Amazon.com, Inc. (NASDAQ:AMZN) Eyes Payment Processing
Amazon.com, Inc. (NASDAQ:AMZN) seems to be passing through the tough holiday season this year. On the one side while it is busy making strategic acquisition to offer in-store, mobile payment services at par with competitors like eBay Inc. (NASDAQ:EBAY) and Apple Inc. (NASDAQ:AAPL) among others; at the other side it is defending a worker’s death at a new Avenel, N.J., fulfillment center alongside facing the employee strike in Germany.
Amazon.com, Inc. (NASDAQ:AMZN) recently announced an acquisition of a startup firm GoPago that offers mobile ordering and payment apps for customers as well as it serves merchants by offering them in-store point-of-sale payment services through mobile devices that run on Google Inc. (NASDAQ:GOOG)‘s Android operating system.
With this acquisition Amazon.com, Inc. (NASDAQ:AMZN) has sent a clear signal out that it is seriously considering to build its payment capabilities to grab more of mobile commerce by extending its services to retail merchants from the recent payments processing limited to its shopping website.
Talking about competitors, eBay Inc. (NASDAQ:EBAY) has recently launched in-store technology called Beacon through its popular PayPal gateway. Beacon allows two-prong communication between retailers and shoppers. Apple Inc. (NASDAQ:AAPL)’s iBeacon was also in headlines which allows to communicate with shoppers in stores through iPhones.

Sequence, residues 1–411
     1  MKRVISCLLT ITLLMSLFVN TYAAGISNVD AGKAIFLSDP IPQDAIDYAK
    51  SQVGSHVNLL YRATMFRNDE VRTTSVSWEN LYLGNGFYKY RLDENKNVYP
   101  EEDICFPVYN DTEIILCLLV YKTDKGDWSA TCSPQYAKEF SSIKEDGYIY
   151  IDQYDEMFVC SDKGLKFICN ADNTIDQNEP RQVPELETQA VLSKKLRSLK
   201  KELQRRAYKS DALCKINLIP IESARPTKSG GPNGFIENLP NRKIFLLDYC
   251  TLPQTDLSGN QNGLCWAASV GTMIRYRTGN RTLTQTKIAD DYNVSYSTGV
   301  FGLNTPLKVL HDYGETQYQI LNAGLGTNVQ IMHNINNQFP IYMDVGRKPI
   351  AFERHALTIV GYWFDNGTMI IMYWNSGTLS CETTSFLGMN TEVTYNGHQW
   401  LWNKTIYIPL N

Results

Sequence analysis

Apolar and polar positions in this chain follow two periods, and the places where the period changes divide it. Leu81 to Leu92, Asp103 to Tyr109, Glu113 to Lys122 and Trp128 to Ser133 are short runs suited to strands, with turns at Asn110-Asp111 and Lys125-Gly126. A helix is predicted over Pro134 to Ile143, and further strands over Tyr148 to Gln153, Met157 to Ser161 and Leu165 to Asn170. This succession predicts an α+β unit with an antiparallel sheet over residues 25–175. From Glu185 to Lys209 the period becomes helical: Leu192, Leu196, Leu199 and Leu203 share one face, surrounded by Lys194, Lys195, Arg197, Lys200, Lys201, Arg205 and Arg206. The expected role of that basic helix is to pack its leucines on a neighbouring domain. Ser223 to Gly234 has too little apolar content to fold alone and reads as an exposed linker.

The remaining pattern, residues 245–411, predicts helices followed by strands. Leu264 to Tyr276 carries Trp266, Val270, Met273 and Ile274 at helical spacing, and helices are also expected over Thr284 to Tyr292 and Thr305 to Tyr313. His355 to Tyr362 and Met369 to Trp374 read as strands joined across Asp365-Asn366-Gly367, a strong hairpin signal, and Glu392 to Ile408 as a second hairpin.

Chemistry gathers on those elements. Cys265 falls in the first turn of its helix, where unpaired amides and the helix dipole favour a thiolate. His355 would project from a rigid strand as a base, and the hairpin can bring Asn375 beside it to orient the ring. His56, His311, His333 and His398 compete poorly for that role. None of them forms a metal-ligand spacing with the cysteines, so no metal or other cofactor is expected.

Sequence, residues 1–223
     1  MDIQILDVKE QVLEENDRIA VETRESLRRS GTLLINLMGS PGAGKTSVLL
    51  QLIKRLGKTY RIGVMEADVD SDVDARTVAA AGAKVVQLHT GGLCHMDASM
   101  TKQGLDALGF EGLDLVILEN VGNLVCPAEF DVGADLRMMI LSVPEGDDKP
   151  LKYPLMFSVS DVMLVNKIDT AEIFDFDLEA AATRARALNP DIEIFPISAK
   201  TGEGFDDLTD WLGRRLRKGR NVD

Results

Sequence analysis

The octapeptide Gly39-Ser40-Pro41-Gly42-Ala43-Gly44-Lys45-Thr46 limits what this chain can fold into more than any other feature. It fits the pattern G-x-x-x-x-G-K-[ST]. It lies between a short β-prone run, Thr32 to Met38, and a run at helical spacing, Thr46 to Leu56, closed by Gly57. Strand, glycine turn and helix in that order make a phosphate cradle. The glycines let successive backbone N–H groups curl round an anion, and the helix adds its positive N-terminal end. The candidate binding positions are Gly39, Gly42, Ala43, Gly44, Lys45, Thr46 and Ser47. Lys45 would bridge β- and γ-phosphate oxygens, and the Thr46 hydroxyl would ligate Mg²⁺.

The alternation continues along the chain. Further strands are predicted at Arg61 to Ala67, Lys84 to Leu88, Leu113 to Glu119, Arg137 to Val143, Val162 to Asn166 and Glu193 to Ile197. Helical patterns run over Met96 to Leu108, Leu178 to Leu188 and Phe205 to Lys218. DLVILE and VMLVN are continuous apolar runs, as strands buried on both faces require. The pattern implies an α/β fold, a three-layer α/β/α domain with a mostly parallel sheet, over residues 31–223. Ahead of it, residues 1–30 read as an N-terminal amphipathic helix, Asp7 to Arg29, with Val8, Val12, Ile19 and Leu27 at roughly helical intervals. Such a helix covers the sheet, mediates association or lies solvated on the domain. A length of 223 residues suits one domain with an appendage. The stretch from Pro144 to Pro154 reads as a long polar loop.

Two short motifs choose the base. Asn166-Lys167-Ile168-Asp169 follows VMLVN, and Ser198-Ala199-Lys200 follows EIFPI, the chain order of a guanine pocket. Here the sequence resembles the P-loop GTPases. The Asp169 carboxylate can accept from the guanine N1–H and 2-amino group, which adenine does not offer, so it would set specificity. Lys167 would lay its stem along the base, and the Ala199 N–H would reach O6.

Unmet demands for higher pay and a better work environment, forced Amazon.com, Inc. (NASDAQ:AMZN)’s German employees to call for a strike. While the world’s largest online retailer defends that the wages are above-average in the industry, employees are still demanding proper working conditions, regard for their efforts and the right for collective bargaining.
German labor union, Verdi said that workers would strike in Amazon.com, Inc. (NASDAQ:AMZN)’s logistic centers in Bad Hersfeld, Graben and Leipzig. Moreover, a German workers’ delegation will also protest at Amazon’s headquarters in Seattle and is expected to be supported by the U.S. workers unions